Publisher/Producer Judith Regan Makes the Hot Seat Sing

Legendary Publisher Judith Regan is this week’s featured guest on Hollywood at Home, a podcast, hosted by The Creative Coalition’s CEO Robin Bronk, featuring unplugged and uncensored conversations with entertainment industry’s who’s who. 

In this episode, Regan shares private moments working with legendary radio host Howard Stern on the bestsellers, Private Parts and Miss America; her epic adventures in media and publishing from her days at the National Enquirer and how she dug into some of John Wayne’s most confidential moments; her groundbreaking interview that resulted in the “purely hypothetical” OJ Simpson confession; and more.

Hollywood at Home is available on Apple Podcasts, Google Podcasts, Amazon Music, iHeartRadio, and more.

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Highlights from Hollywood at Home featuring Judith Regan:

On what OJ Simpson personally said to Regan during their 2006 interview: “I had to be disciplined about [the interview]. At one point, [Simpson] leaned over and said to me, ‘When you came here today, you didn’t think you’d like me. But I changed your mind, didn’t I?’ All you have to do is watch him – how he says it, his inappropriate responses, his utter lack of regard and empathy for his victims and for his own children, his lack of accountability. His cavalier nature….That’s what was on his mind.”

On owning the rights to the OJ Simpson confessional interview: “Fox said, ‘We’re’ going to air the interview. I said, well, that’s funny because ‘We’ don’t have the rights to it, I do. And, they thought that they could basically get away with putting it on the air without paying me.”

On impossible, insane assignments for The National Enquirer: “John Wayne was in the hospital and they wanted me to track down his doctors and find out why he was in the hospital. During that period of time, you could call somebody’s office and they would actually tell you where their boss was. So, I rented a limo, was there with a sign with his name, got in the car with him and I asked him questions and got the story. It was a far more trusting era.”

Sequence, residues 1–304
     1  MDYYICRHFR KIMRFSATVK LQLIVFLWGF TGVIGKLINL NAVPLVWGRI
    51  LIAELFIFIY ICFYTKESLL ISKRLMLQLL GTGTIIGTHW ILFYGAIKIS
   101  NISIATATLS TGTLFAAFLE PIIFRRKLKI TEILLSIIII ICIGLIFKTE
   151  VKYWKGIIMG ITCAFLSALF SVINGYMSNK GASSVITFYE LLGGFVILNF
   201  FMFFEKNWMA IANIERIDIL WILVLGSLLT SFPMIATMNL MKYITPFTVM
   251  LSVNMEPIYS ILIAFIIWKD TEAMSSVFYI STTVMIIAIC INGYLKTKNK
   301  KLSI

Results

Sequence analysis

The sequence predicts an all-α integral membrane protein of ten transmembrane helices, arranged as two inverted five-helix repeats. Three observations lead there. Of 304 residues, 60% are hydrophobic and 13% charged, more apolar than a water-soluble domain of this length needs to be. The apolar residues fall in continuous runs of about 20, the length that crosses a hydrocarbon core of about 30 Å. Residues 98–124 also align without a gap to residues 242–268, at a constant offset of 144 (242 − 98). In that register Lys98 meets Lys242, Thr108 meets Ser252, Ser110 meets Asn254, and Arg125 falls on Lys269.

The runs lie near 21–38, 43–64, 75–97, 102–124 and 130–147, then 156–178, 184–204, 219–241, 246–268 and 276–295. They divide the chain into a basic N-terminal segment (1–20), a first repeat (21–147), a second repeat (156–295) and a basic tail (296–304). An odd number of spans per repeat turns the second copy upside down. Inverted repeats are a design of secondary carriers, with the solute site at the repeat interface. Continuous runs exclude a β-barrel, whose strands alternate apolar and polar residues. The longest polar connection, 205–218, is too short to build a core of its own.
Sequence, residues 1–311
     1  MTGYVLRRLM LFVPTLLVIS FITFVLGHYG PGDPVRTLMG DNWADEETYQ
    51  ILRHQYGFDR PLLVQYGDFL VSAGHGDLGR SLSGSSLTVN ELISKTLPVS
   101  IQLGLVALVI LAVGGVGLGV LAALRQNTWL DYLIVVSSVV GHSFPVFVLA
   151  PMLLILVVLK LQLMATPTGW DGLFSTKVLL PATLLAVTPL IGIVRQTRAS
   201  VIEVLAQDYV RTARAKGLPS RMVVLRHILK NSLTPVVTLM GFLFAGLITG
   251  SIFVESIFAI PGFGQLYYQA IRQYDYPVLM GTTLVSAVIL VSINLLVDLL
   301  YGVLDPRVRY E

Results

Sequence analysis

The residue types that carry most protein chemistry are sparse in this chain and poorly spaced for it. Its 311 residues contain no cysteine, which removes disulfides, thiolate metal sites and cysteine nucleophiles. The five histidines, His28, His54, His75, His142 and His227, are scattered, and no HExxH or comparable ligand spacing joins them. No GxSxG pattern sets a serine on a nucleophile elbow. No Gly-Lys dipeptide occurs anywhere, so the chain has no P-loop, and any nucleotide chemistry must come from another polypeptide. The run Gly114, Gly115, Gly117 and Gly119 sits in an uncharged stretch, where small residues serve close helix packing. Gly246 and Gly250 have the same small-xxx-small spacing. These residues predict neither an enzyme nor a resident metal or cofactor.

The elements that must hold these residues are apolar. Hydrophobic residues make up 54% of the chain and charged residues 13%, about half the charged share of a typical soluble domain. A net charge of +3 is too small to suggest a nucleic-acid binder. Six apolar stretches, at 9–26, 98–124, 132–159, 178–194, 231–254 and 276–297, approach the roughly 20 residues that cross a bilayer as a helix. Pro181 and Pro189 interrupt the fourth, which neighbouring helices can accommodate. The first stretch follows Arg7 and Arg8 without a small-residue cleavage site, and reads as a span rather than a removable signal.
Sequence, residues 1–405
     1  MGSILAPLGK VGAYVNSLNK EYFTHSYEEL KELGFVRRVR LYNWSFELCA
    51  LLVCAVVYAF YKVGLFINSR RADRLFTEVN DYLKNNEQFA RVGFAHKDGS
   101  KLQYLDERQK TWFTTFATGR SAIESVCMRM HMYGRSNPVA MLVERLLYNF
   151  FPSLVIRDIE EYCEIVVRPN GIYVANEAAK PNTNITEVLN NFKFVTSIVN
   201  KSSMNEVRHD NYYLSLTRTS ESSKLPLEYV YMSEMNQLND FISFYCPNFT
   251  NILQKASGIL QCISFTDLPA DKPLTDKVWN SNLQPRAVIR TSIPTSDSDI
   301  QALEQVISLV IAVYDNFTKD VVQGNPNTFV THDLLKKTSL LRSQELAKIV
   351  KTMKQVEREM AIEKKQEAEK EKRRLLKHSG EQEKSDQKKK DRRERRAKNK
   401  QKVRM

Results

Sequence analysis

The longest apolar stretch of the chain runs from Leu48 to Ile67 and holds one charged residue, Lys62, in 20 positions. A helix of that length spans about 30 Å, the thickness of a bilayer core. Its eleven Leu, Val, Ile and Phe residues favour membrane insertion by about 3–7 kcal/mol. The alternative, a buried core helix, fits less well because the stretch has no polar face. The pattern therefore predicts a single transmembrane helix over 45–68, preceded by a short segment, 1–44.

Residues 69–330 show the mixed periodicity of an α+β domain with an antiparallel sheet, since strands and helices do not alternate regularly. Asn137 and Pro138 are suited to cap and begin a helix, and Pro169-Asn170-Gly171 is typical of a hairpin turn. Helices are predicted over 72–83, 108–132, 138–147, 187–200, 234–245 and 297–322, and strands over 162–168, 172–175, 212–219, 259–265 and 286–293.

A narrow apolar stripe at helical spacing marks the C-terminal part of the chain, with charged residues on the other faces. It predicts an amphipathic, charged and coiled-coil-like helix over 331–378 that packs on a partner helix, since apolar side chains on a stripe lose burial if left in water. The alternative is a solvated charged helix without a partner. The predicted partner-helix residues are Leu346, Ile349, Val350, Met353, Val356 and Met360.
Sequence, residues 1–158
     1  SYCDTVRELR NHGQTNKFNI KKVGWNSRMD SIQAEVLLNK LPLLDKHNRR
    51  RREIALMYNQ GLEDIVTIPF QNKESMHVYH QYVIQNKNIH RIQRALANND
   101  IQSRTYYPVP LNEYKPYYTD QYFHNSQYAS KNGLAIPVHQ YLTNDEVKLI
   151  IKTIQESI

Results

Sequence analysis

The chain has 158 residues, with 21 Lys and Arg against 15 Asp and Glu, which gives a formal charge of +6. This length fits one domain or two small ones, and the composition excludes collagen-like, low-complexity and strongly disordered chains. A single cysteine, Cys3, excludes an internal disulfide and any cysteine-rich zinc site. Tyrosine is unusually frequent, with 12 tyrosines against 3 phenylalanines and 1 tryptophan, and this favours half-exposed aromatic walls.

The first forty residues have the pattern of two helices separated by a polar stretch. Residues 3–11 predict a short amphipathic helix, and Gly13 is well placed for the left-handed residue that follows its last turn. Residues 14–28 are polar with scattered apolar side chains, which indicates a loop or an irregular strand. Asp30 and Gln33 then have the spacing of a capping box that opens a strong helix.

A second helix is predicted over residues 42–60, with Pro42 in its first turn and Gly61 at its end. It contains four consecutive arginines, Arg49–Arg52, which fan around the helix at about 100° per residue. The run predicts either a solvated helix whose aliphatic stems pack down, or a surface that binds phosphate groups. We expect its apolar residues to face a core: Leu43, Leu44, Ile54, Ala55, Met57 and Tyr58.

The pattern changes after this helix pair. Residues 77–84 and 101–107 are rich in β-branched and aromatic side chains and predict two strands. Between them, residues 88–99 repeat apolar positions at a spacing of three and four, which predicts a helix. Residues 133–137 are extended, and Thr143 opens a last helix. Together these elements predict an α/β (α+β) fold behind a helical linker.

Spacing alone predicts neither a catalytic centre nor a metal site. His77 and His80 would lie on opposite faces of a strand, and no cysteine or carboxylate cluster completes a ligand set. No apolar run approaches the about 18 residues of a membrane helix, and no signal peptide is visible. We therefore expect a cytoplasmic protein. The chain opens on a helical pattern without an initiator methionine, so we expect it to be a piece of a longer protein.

On getting a Mia Farrow story: “It was Hunger Games. We had to do crazy stunts. I got to Martha’s Vineyard in a snowstorm and went to the local florist; I figured they knew where she lived and ordered dozens and dozens and dozens of flowers to be sent to her. And then followed the truck.“

On producing the Geraldo Rivera Show: “Geraldo’s a cat who has had nine lives for sure. He reinvented himself from uber-liberal to conservative, from Democrat to Republican. He was a master of reinvention, a master of the game. He was really great at coming in, sizing up the situation. He was a quick study. He was really bright and he adapted to the changes day-to-day and the changes in the culture.”

On publishing Howard Stern and Rush Limbaugh at the same time: “I published Rush Limbaugh and Howard Stern on the same day. And, it turns out they both had the same birthday. They were actually very similar. Although, they hated each other because they were both big radio show talk show hosts. Rush was extremely shy. Rush was alone in a room talking to himself. And he was very shy, painfully shy, afraid of people. A real social outcast when he moved to New York. He had a hard time – there was a big dichotomy between his politics and his schtick. And in his real life. I think he really wanted someone to be close to. I think he was really lonely in New York when he was there. Very lonely.”